Evergrande avoided the official 11th hour default in late October and began reporting progress on its construction plans. The property developer said on Wednesday it completed deliveries of projects involving 57,462 apartment owners from July through October.
However, the pace of deliveries has generally slowed month over month. Deliveries covered 39 projects and 7,568 apartment owners in October, up from 48 projects and 7,808 owners in September, the company said.
Evergrande faced another deadline last Saturday to repay bond investors. The company was China’s second-largest developer in terms of sales last year, but fell to fourth this year in the third quarter, according to industry data site China Index Academy.
Caught in a negative loop
“Our view is that right now the real estate market is caught in a negative credit loop,” Franco Leung, associate managing director of Hong Kong-based Moody’s Investor Service, told CNBC in a telephone interview this week. last.
Regulators’ call for developers to reduce their debt has made onshore investors and lenders less willing to provide finance, Leung said. Developers – especially those who are financially weaker – then had to cut back on spending on land or construction costs, resulting in lower sales, he added.
As business slows down for some developers, investors will choose to put their money elsewhere.
A change in government policy or longer-term reductions in developer spending on land and construction can break this “negative loop,” Leung said, adding that it will take time.
Moody’s has no opinion on the possibility of such a breach occurring. The company’s outlook for real estate in China is negative for at least three to six months, he said.
S&P Global Ratings predicts a 10% drop in residential sales in China next year, and a further 5-10% drop in 2023.
“Defaults will rise as the bear cycle persists under the shadow of sluggish sales, tighter funding channels and more cautious lenders,” S&P analysts said in an Oct. 27 report.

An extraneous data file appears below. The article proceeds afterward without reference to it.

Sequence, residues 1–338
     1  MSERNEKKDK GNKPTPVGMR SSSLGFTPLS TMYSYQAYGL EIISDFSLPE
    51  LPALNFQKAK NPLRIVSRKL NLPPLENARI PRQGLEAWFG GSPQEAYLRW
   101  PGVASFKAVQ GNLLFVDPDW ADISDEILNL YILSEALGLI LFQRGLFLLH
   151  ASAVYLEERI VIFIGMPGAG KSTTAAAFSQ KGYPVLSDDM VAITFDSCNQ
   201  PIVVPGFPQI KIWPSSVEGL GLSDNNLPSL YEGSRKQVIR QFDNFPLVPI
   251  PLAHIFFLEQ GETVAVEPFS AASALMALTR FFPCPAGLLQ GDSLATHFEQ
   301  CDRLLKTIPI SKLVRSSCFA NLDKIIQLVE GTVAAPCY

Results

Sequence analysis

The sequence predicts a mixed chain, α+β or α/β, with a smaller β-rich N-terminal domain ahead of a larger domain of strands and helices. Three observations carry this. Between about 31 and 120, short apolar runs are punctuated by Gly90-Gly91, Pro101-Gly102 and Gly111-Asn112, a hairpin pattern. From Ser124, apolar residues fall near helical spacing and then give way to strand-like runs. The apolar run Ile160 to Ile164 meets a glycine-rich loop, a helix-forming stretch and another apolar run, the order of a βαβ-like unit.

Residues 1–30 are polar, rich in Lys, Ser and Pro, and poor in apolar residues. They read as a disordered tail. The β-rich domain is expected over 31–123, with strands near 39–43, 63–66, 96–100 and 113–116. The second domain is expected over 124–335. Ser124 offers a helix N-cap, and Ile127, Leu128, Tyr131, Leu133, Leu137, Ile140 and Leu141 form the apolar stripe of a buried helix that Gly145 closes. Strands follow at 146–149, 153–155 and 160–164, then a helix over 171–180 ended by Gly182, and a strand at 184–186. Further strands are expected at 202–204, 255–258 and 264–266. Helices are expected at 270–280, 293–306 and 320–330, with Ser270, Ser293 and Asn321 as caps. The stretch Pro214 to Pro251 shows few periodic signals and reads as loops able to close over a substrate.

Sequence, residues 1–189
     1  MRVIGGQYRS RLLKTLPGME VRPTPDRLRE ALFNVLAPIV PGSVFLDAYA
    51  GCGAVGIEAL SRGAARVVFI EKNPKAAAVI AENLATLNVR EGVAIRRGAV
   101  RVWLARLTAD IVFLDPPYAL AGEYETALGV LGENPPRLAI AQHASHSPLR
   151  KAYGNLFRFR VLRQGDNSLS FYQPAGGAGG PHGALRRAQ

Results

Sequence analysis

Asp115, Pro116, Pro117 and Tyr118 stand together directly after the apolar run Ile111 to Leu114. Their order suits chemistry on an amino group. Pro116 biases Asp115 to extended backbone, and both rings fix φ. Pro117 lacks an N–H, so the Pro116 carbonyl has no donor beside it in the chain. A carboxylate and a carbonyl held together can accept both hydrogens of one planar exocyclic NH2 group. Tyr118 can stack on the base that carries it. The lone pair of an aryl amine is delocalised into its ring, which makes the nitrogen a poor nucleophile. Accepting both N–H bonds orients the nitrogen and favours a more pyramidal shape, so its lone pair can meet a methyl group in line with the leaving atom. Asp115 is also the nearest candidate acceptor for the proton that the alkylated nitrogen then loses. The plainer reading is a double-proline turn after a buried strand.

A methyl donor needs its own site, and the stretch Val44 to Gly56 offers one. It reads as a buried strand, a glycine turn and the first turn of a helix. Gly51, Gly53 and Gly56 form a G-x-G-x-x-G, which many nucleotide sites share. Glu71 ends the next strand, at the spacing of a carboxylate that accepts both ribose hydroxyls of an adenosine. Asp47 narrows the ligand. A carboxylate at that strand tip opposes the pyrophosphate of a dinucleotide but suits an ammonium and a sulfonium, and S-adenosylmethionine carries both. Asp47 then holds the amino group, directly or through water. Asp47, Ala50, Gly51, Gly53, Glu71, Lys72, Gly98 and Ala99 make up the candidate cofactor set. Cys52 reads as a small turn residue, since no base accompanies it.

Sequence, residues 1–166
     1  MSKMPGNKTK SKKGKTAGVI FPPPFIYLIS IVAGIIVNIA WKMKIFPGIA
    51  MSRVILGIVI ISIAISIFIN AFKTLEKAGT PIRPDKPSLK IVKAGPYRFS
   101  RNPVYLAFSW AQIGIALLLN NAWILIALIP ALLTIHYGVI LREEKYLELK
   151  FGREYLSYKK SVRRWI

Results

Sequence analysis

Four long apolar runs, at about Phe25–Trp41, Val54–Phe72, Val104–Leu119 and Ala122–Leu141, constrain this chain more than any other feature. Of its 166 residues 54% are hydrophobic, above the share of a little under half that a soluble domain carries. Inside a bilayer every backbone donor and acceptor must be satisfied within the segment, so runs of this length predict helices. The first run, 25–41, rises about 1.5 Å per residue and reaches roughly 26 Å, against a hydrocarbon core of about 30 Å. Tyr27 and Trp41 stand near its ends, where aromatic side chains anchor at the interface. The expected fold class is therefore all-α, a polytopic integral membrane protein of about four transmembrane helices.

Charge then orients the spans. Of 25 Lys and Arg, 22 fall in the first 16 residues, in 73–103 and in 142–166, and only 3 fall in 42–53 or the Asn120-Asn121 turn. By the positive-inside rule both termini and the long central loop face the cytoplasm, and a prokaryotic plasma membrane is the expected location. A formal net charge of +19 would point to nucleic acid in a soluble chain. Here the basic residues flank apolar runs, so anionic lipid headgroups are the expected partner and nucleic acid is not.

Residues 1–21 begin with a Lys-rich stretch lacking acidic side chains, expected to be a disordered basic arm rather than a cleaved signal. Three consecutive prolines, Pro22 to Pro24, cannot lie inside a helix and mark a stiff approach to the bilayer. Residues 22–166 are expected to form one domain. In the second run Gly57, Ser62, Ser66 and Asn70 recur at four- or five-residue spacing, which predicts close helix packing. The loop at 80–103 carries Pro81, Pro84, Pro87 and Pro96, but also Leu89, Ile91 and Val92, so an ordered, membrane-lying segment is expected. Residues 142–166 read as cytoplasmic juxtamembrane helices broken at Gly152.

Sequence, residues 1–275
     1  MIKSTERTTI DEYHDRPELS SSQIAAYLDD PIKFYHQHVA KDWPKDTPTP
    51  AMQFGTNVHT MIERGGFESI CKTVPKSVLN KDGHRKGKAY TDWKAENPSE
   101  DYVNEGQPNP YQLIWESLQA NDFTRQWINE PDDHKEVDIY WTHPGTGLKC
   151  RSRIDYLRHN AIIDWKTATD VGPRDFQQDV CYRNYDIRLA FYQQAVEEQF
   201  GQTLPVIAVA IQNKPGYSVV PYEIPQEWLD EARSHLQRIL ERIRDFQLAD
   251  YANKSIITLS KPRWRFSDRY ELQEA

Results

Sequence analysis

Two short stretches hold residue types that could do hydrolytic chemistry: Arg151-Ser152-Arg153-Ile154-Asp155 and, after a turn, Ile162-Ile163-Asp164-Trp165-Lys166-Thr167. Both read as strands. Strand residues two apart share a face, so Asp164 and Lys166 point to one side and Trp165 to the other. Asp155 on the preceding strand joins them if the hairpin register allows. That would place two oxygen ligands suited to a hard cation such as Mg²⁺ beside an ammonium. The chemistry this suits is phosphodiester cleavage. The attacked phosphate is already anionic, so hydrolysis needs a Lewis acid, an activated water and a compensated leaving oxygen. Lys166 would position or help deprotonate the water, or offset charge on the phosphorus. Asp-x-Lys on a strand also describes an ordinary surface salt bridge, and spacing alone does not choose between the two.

The bright spots of real estate
Not all Chinese real estate developers are in such dire straits.
For the first three quarters of the year, Moody’s noted that the top three developers in terms of year-over-year contract sales growth recorded significant sales gains.
- Greentown China Holdings, + 76%
- Powerlong Real Estate Holdings, + 42.8%
- Hopson Development Holdings, + 35.3%
Powerlong and Hopson had not violated any of the government’s “three red lines” in the first half of this year, while Greentown had violated one, according to Natixis.
“Short term, [the regulation means] there will be a tightening of liquidity, ”said Ng of Natixis. “In the long run this will improve the overall financial health of the entire real estate industry as there will be consolidation if we see some of the weaker players… sell their assets.“
Regarding the implications for the real estate sector and the Chinese economy, he said the risk is limited as homebuyers are unlikely to want to give up properties or mortgages they have already paid for. Since most apartments in China are sold before completion, a major challenge for cash-strapped developers is to complete construction and deliver properties to buyers.
For bondholders, “you feel like your bonds are dropping to 80%, 90%. But for homebuyers, the real estate industry itself, we haven’t seen a big change … in terms of of financial risk, ”said Ng.